My kid feels awful! Why won’t his doctor prescribe antibiotics?
By Kristy Bleizeffer Nov 16, 2016
When your child is sick, you want him or her to feel better as quickly as possible. You bundle him up, drive to the doctor’s office and expect an antibiotic. But his doctor won’t prescribe one. Why not?
In this interview, family physician Adam Linck, M.D., explains when antibiotics are and are not appropriate.
What are antibiotics?
Antibiotics are special medications that we have at our disposal to treat bacterial infections. Each class works in different ways in order to kill the bacteria that are in our bodies. Unfortunately, they don’t work at all against viral illnesses.
What are some common bacterial ailments treated by antibiotics?
Most bacterial illness that we see commonly in our office are bladder and kidney infections, pneumonia, ear infections in children or strep throat.
What are some common viral infections for which antibiotics would be ineffective?
Some of the common viral illnesses are the common colds, flu, sinus infections, sore throats (with the exception of strep throat) and bronchitis. Antibiotics won’t work in the setting of a viral illness because they have no action against them.
When might you prescribe antibiotics for a sore throat?
When we see someone with a sore throat, there are specific questions we would ask: Do they have excudates in the back of their throat, which are the white bumps on their tonsils? Do they have a fever? Do they have a cough, and are their lymph nodes tender?
If they have those symptoms, they are more likely to have strep throat. In that setting, the doctor would probably run a rapid strep test, and if that came back positive or if the doctor had a high enough suspicion of strep throat, they would probably be prescribed antibiotics.
Unfortunately, the majority of the time, a sore throat (or pharyngitis) is more often caused by a viral illness and it will get better on its own. One other thing I might tell patients: If your voice is affected by a sore throat, what we call laryngitis, that almost exclusively occurs in viral illnesses and you most likely won’t need antibiotics in that setting.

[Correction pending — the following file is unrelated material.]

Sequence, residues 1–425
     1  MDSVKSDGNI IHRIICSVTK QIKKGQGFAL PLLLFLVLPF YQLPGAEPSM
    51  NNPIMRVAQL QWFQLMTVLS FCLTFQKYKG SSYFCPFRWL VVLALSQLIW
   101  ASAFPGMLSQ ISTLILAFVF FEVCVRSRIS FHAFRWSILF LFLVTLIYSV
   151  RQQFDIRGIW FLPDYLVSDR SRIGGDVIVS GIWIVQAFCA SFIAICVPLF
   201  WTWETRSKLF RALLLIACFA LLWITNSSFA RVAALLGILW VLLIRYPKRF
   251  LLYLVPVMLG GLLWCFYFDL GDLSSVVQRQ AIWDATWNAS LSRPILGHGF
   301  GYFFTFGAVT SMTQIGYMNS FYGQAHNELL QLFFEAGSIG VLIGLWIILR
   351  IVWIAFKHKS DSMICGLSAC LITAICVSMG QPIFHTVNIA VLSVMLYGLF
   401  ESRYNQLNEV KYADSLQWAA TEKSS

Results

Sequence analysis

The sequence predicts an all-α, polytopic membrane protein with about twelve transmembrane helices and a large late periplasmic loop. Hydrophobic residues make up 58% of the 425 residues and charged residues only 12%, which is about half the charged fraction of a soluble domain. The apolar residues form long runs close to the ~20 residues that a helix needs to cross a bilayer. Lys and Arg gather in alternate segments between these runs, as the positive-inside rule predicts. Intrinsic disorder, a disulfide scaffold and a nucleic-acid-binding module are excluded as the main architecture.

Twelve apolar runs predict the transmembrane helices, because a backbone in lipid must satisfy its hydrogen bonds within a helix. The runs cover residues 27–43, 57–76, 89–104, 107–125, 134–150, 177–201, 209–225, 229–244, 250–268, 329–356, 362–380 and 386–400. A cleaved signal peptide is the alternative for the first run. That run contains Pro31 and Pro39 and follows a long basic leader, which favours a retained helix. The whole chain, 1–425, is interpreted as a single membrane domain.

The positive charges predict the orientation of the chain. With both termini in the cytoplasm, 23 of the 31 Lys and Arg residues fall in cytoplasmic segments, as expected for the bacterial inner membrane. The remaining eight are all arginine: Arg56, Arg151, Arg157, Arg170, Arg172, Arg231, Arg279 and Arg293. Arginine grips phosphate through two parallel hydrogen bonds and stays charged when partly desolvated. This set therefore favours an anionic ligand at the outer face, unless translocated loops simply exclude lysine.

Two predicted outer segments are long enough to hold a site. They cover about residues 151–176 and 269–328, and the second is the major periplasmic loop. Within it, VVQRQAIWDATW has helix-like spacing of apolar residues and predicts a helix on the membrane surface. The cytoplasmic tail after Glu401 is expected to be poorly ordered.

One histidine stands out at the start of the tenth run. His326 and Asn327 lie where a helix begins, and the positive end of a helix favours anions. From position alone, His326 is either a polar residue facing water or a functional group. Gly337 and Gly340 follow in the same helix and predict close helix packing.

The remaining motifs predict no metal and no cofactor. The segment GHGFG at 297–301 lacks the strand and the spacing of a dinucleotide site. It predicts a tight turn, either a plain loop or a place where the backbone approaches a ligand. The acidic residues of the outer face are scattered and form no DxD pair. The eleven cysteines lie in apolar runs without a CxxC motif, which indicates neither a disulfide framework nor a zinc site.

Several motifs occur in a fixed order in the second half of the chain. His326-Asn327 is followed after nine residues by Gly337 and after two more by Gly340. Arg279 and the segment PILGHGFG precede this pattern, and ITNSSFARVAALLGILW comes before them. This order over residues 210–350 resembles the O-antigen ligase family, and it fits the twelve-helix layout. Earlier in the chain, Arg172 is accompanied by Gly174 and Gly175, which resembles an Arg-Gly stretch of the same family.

When wouldn’t you prescribe antibiotics?
Most of the other viral illnesses -- the cold, the flu, sinus infections -- they have a self-limiting course. They last 7 to 10 days. They peak around day 5, and that’s when people feel the worse. It’s also when most people get tired of their cold and that’s why they come to the doctor around then.
In most instances, after that fifth day through seventh day, they are going to start feeling better on their own. Patients come and they say, “My doctor before prescribed antibiotics and I got better.” That’s true, you got better, but that’s because you were going to get better whether or not you took antibiotics in the first place. Your body fought off the illness, it’s not because antibiotics were working against that illness.
What are the dangers of prescribing antibiotics when they aren’t necessary?
When we talk about prescribing medications, we take that seriously. Every medication has side effects, and a lot of people have allergies. The majority of these are mild – you get nauseated, you have some diarrhea, but it clears up. But some allergic reactions can be severe, and they can be life threatening. We really take the decision to give you antibiotics seriously.
When we prescribe antibiotics in wrong instances, we give bacteria a chance to mutate or evolve and become resistant to our treatments and to those antibiotics. Then we don’t have those antibiotics available to us further down the line -- years or even months down the line -- to treat those illnesses that really need bacteria-fighting agents of the antibiotics. In that case, if antibiotics don’t work, we have nothing with which to help our patients.
If antibiotics have no effect, what can patients with a viral illness do to feel better?
For viral illnesses, we want patients to stay well hydrated, we want them to take Tylenol and ibuprofen. Adults can take over-the-counter medications. These will help improve the symptoms while the body is fighting off the illness.
We don’t really recommend cold and cough medications in children which can often be difficult to dose correctly. I would recommended talking to your doctor first before giving your children these medications because they have some bad side effects.
Dr. Linck is a board-certified family practice physician at Sage Primary Care. He grew up in Riverton and became interested in medicine at age 6 when his grandfather was treated at Wyoming Medical Center for a heart attack. He is accepting patients of all ages.